NEW YORK (TheStreet) -- Dismissing the price action over the past two days, Ford (F) stock has essentially remained unchanged over the previous three months. This even includes an earnings beat that exceeded analysts' lofty expectations.
Still, the share price barely budged. Of course, any remotely active F investor has likely witnessed the stock drop to $15.30, an 8% fall from Tuesday's closing price of $16.70.
Even during Wednesday's rally -- induced by the Federal Reserve's latest tapering announcement -- shares of F still closed lower by some 6+%. Not generally a good sign, especially when both the Dow Jones Industrial Average and S&P 500 posted record closing highs.
Before dissecting the recent move lower, let's take a step back and discuss the previous three months of share price stagnation.
Increased speculation regarding CEO Alan Mulally's potential departure to Microsoft (MSFT) has created uneasiness among the shareholder base. (Of course, it shouldn't really matter, since Mulally's whole plan was to likely retire at the end of 2014 anyways).
But it has mattered, and honestly, it will continue to do so until the headwind is removed. Personally, I don't think Mulally's going anywhere.
The move for Mulally to stay would (and should) not come as a surprise to investors at this point. Although to reassure them that it's true seems rather important now.
Of course, the most recent shellacking was not helped by this management uncertainty. Many investors -- admittedly, myself included -- were hoping that the company's last-minute analyst meeting was staged to announce Mr. Mulally's future plans, which hopefully included staying put in Dearborn, MI.
Instead, the meeting was much worse than expected. Not only was there no light shed on the Mulally situation, but the company also announced that it expects 2014 pre-tax profit to be lower than 2013. (Click here for the entire slideshow.)
Even though global markets are recovering and the U.S. remains strong, new vehicle launches and recalls (particularly the Ford Escape) are expected to weigh on its bottom line.
The price action isn't shocking, given this news. Over the short term, the stock is oversold and will probably see a little bounce back in the next couple of trading sessions. If anything, it should at least settle down and find a bottom, even if it's only temporary.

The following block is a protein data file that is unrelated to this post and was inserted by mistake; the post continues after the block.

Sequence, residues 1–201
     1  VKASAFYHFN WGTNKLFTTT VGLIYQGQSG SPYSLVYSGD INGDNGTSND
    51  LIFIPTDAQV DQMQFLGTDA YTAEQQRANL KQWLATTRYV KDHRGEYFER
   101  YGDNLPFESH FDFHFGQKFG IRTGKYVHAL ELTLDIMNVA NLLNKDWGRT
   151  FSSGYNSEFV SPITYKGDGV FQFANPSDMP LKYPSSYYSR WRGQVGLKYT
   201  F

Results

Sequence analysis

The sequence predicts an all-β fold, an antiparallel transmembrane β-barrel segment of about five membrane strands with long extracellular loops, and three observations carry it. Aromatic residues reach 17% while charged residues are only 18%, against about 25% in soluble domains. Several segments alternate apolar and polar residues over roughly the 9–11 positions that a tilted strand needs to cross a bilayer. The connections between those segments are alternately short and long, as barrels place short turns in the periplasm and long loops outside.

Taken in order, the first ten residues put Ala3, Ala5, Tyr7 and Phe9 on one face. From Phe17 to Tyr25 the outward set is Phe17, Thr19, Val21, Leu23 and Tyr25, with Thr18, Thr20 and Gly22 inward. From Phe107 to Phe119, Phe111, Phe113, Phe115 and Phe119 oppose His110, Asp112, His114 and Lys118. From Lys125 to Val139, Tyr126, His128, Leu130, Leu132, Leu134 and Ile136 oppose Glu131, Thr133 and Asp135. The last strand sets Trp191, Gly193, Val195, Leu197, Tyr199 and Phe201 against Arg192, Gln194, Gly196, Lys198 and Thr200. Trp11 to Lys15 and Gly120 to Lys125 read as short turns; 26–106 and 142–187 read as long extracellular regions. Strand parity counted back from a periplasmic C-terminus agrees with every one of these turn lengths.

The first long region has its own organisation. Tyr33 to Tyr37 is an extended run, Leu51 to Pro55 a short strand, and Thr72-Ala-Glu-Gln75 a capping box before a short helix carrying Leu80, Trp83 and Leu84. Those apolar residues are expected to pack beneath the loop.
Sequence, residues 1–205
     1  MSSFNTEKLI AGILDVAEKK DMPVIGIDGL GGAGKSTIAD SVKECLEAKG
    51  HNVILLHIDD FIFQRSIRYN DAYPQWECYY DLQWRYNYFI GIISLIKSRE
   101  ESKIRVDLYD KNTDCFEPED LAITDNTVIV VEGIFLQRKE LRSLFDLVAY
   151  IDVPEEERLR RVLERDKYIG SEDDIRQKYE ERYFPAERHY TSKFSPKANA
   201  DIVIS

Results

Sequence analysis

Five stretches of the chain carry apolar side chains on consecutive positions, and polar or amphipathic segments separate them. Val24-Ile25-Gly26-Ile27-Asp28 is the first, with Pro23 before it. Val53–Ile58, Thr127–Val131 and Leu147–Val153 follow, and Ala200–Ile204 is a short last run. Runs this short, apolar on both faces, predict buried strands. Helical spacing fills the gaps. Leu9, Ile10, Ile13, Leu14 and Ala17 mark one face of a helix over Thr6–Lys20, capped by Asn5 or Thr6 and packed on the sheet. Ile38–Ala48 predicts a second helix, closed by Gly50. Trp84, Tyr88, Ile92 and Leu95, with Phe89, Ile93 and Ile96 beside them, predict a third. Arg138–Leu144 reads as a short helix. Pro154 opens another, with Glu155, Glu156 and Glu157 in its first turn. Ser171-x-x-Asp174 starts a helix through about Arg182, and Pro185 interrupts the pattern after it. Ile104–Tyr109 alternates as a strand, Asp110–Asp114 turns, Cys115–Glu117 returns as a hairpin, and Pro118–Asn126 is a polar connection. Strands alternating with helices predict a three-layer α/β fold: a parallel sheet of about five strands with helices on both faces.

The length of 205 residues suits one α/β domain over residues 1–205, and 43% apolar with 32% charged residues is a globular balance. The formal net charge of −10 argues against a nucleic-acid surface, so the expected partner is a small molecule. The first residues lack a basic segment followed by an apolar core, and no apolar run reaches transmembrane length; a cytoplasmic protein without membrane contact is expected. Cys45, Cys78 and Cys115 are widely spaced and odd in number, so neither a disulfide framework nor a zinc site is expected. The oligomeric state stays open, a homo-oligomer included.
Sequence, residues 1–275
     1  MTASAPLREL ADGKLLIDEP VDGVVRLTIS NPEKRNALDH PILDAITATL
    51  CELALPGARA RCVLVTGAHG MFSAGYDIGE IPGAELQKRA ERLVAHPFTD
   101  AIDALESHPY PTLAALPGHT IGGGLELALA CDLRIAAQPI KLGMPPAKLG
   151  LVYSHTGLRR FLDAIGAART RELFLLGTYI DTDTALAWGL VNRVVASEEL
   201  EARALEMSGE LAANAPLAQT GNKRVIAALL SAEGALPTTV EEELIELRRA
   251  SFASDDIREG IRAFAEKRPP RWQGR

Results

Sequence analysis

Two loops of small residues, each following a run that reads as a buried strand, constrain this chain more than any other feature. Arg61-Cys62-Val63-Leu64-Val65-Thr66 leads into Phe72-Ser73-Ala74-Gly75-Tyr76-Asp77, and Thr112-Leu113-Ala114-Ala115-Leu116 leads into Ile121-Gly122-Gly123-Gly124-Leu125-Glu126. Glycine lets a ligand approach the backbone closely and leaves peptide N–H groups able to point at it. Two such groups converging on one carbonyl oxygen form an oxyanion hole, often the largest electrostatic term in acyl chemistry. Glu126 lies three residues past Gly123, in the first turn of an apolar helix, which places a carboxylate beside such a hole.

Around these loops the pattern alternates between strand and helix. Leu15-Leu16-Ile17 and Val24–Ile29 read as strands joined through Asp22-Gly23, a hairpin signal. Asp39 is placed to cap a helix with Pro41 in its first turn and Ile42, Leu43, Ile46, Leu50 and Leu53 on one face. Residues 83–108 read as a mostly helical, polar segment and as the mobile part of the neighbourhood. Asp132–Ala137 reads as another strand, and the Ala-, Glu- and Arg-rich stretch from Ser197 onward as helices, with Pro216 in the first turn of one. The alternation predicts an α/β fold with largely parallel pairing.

GM just announced a seamless transition with its chief executive, naming Mary Barra the new CEO -- which was a tremendous and deserving accomplishment on her part.
The U.S. Treasury has also completely liquidated its position in the company. GM has cleaned up its balance sheet and released a slew of solid new vehicles. It's luxury line, Cadillac, has been crushing it in sales, up 25% year-to-date from the same time last year, while the 2014 Cadillac CTS just won the coveted Motor Trend Car of the Year award.
And then there's Ford, with a shaky management position and declining profits. Granted, the projected drop in profit is mainly due to Ford investing in its future, but it's not giving investors many reasons to stand by its side. Especially when its top leader is refusing to publicly do so.
Yes, Mulally has said vague things, like the plan hasn't changed -- the plan being to stay through 2014 -- and I'm happy being at Ford. But it hasn't yet been official. Until the words, "I'm not taking the job at Microsoft and will remain at Ford," leaves his mouth, it will never be official.
That's how these kinds of things work. We all hear that nothing will change and all is well, then suddenly, Bam! It's exactly what the rumors had said in the first place.
Look at the Mack Brown situation. University of Texas' head football coach was at the center of swirling speculation regarding his job status for months. Between rumors saying he would leave and him defending his staying thereof, it was hard to know which was true. Ultimately, he resigned.
I think Mulally will stay put. I've said that all along. He might not stay long, as in retire, but I think he'll stay at Ford.
My one plea is this: Alan, please do your shareholders a favor and just tell them your plans. On the record. Don't dance in circles or beat around the bush. Just say it. Give them something to cheer for, even if it's just clarity. Otherwise, they should just buy GM.
At the time of publication, the author was long Ford.
-- Written by Bret Kenwell in Petoskey, Mich.